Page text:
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September 14, 2009

Comments

James McNally

AJ, thanks for pointing to my review. I should say that I was interested enough in the material that I subsequently arranged an interview with the directors and producer. Look for it on my site sometime in the next few weeks...

Patricia Lee

Thanks for linking to my blog. I'm not even that into documentaries, but Cleanflix is about a topic that fascinates me and the filmmakers did such a great job with it, that I had to take the time to recommend it and help put that positive word of mouth out there. My prediction for breakout star: Phil the professor, who I had the good fortune to meet while waiting to see another movie the other night.

Pattie

Rachel Mae

There were plenty of more positive reviews for the film at blogs like /Film, Aint It Cool News, AV Club, and Lucid Forge.

Slash film says that:

Cleanflix is easily the most interesting topical documentary about movies since This Film Is Not Yet Rated. Cleanflix is a movie which continues hours after the credits, in the conversations and debates you will have with your friends and family. It creates a discussion about art, censorship, rights, religion, and technology.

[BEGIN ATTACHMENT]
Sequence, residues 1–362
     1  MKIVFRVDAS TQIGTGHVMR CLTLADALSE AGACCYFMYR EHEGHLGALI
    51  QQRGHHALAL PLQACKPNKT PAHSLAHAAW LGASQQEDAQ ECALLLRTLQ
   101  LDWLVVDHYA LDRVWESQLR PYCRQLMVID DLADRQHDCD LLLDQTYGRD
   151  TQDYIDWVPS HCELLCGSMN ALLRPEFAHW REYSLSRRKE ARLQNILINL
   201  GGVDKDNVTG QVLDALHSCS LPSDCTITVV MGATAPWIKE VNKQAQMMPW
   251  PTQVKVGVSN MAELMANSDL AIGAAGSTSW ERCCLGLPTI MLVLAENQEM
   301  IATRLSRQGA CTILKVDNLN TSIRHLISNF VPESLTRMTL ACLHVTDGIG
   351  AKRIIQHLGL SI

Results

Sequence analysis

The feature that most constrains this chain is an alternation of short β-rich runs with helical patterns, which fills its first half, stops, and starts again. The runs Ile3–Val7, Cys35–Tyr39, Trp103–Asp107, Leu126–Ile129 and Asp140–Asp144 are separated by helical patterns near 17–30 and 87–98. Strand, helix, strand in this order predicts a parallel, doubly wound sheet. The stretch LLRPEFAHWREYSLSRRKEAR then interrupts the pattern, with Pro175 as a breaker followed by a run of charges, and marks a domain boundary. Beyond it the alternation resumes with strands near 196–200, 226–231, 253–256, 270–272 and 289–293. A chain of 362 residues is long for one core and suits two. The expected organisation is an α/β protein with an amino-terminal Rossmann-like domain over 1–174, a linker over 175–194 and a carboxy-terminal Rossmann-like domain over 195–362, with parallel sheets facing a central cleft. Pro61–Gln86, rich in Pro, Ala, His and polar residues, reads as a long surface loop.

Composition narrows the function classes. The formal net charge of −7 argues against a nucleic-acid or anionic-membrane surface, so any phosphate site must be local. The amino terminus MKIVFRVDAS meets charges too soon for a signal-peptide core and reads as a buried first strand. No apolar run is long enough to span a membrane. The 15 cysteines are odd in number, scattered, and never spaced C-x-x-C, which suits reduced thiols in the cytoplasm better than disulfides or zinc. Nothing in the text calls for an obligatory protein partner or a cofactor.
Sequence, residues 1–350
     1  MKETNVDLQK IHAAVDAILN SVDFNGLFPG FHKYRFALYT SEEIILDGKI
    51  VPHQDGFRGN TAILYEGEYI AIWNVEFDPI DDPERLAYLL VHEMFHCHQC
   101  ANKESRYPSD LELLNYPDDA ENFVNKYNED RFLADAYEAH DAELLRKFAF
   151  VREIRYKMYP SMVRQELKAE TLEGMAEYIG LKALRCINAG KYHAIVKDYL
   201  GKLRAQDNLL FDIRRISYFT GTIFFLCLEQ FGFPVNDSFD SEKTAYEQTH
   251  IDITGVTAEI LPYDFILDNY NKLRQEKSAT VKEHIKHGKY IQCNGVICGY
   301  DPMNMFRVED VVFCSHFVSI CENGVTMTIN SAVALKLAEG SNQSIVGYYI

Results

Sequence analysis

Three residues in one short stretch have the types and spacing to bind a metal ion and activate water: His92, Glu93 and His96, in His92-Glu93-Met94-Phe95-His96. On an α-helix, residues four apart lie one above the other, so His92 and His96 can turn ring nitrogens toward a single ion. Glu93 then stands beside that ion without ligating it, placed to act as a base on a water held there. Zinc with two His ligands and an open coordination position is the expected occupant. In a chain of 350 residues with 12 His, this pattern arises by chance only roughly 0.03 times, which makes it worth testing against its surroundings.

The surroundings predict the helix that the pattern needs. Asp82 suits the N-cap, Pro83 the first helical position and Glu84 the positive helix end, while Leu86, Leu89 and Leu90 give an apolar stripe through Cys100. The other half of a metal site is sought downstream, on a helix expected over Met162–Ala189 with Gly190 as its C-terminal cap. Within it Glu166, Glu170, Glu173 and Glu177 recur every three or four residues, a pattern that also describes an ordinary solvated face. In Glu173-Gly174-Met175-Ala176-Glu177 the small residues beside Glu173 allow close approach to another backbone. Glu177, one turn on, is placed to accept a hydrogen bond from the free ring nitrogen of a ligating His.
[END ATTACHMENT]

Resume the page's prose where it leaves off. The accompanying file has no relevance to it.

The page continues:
Most of the dispute around the film came from the decision to focus on Daniel Thompson in the second half. Some people think that is the best part of the film, others wish it had stayed with the set-up of the edited movie industry.

AV Club had their problems with the film but noticed the intention in that transition, stating that:

The real story isn't just about intellectual property; it's about
the daily difficulties that the devoutly religious have in trying to participate in mainstream American culture while retaining as
much of the purity of their own beliefs as they can.

Ain't It Cool News calls the film very compelling and says that:

Daniel Thompson rivals King of Kong’s Billy Mitchell as one of those ideal documentary subjects, who you can’t quite believe is a real guy.

Lucid Forge saw the possibility for disaster and maintains that:

In different hands, the documentary Cleanflix would be a true, holier than thou documentary masterpiece that makes the high-minded average progressive feel superior just by the fact of its existence. Fortunately, Andrew James and Joshua Ligairi are better filmmakers than that, and because of their efforts, this film has one thing the average Michael Moore rake out doesn’t have: pathos for the skewered.

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